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Gardening for the Birds
by Robin Trott - posted 05/18/18

Besides plants, one of the best ways to attract robins and other birds is to provide a source of water for drinking and bathing.
 

Spring is my favorite time of year, full of new beginnings and teaming with possibilities. I love strolling the aisles of local nurseries and garden centers to see what’s new and what’s different. Although the temptation is great to purchase one of each, I try to limit my purchases to plants that attract birds and butterflies. There are many options to choose from, no matter the size or scope of your garden. Here are a few favorites to include in the yard each year, and some tips for planting and placement.

Under the hummingbird and oriole feeders, plant a container garden with many bird friendly plants, including red cypress vine (Ipomoea quamoclit), scarlet runner beans (Phaseolus coccineus), nasturtiums (Tropaeoplum majus), firecracker plant (Cuphea ignea), a variety of herbs, and sunflowers (Helianthus annuum).

Red cypress vine is an annual that is easily started by seed. A member of the morning glory family, red cypress vine attracts hummingbirds and butterflies with its dainty, trumpet-shaped flowers.


A bird friendly container garden includes (left to right) scarlet runner beans, sweet bay laurel (Laurus nobilis), sage (Salvia officinalis), lemon basil (Ocimum x citriodorum), firecracker plant, nasturtium, and sweet Italian basil (Ocimum basilicum).
 

Firecracker plant was a new addition to my containers last year. This tropical shrub attracts native pollinators, butterflies, and birds. If planted in a container, you can bring it inside when the nights get cold, and treat it as a houseplant until the days warm again.

Nasturtiums are annuals that start easily from seed, and come in a variety of colors and sizes. Nasturtiums attract hummingbirds and native pollinators, and their spicy, edible flowers and leaves are a nice addition to a summer salad.
 

A variety of amaranth, including, ‘Red Tails’, ‘Green Tails’, ‘Hot Biscuits’, and ‘Opopeo’ please seed-eating finches and other small birds.

Dramatic amaranth
These annuals can be upright and up to 60 inches tall (Amaranthus cruentus), or trailing (Amaranthus caudatus). They come in a bunch of colors, from the upright brown of ‘Hot Biscuits’ to the trailing red of the traditional ‘Love Lies Bleeding’.

Or, they can also be short – 18-24 inches – and brilliant green (A. hypochondriacus ‘Green Thumb’). Whatever you fancy, there is an amaranth for everyone. For greater selection, start your plants from seed indoors four to six weeks before last frost, and transplant outside when all danger of frost has passed. Amaranth attracts small-seed feeding birds, such as finches, sparrows, buntings, pine siskins, and redpolls.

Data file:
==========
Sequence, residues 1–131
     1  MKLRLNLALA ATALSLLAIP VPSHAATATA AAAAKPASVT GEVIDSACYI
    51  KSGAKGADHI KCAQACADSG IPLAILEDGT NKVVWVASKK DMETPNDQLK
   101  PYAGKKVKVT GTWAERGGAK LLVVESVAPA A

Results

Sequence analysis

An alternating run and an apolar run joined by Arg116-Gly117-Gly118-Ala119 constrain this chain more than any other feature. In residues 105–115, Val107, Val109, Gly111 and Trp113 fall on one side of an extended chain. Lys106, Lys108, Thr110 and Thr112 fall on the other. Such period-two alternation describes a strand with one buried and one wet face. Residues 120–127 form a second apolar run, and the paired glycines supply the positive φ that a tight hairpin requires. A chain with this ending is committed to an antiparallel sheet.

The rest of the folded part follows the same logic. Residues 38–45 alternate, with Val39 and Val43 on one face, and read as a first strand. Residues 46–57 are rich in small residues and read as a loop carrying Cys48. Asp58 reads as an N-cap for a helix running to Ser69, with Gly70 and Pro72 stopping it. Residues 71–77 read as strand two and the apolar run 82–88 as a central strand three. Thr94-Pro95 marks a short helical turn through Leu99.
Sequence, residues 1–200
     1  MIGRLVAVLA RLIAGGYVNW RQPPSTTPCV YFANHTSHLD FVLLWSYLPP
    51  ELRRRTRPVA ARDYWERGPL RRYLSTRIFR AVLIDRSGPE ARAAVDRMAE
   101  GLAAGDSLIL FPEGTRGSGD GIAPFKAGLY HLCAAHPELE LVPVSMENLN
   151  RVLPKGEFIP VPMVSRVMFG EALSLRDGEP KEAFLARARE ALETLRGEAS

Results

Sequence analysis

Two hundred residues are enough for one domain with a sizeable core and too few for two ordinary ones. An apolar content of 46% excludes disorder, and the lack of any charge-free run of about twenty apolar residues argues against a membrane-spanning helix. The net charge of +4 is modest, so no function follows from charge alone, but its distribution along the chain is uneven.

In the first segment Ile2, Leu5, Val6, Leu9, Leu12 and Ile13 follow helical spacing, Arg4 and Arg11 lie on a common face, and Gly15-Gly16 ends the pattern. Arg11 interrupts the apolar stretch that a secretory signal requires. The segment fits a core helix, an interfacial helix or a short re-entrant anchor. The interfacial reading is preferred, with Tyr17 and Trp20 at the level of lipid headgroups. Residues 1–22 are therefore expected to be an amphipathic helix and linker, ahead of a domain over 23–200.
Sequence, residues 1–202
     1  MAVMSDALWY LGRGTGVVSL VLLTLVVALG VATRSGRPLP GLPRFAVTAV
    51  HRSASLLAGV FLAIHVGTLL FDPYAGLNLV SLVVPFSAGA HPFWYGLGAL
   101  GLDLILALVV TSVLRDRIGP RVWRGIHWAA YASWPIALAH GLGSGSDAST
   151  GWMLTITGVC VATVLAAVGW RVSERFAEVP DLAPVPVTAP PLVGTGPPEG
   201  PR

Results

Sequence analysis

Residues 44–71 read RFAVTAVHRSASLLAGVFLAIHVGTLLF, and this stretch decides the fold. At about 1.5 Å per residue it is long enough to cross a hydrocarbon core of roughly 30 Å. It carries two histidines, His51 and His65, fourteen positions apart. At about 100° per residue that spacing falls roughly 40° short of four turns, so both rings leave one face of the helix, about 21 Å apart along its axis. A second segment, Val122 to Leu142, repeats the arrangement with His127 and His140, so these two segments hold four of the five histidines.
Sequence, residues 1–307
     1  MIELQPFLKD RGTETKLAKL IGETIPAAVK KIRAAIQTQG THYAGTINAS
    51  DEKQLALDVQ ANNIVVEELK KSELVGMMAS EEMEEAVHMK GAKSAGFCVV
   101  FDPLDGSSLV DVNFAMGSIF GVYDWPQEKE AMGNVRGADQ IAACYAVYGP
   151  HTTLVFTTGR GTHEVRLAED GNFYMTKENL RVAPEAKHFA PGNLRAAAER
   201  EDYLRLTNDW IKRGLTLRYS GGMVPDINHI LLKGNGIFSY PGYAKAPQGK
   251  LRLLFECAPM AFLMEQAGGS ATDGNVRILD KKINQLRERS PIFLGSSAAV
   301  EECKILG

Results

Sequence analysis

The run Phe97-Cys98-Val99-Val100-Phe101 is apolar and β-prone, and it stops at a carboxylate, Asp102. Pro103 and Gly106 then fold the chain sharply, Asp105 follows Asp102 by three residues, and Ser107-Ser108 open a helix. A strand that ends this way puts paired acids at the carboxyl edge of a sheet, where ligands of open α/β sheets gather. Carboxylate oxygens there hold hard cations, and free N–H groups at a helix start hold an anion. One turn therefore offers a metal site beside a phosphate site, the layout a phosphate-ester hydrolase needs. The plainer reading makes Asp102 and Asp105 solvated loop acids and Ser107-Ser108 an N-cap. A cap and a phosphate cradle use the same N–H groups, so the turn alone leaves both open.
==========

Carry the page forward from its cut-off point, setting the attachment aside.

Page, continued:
Fetching phlox
Tall garden phlox (Phlox paniculata) is a hardy (USDA Zone 4), native perennial that attracts the first butterflies and hummingbirds that arrive in the spring. Phlox prefers full sun and well-drained soil, and will quickly spread to their mature size, 36-42 inches tall and 18-24 inches wide. Dozens of different phlox cultivars will grow in the upper midwest, but many are quite prone to powdery mildew. Their sweet smell, spectacular display, and bird attracting properties make them worth the effort. For best success, look for disease-resistant varieties, such as ‘David’s Lavender’, ‘Bright Eyes’, ‘Laura’, or ‘Nicky’.


Best placement
Place your bird friendly garden within 20 feet of trees that provide protective shelter and a place to perch. Select a variety of plants for season-long blooms. A source of water is an important feature in a bird friendly garden. Birds get most of the water they need from foods, but they will use the shallow open water provided by a birdbath for drinking, bathing, and cooling themselves down in the heat of the summer. Once the birds discover the safety of your lovely garden, you will continue to see them through the season.

Make sure you have your binoculars, bird book, and camera close at hand so you won’t miss a single moment!

 

A version of this article appeared in May/June 2017 print edition of State-by-State Gardening.
Photography courtesy of Jarruda/CanStockPhoto.com and Robin Trott.

 


Robin is an Extension horticulture educator and cut flower farmer.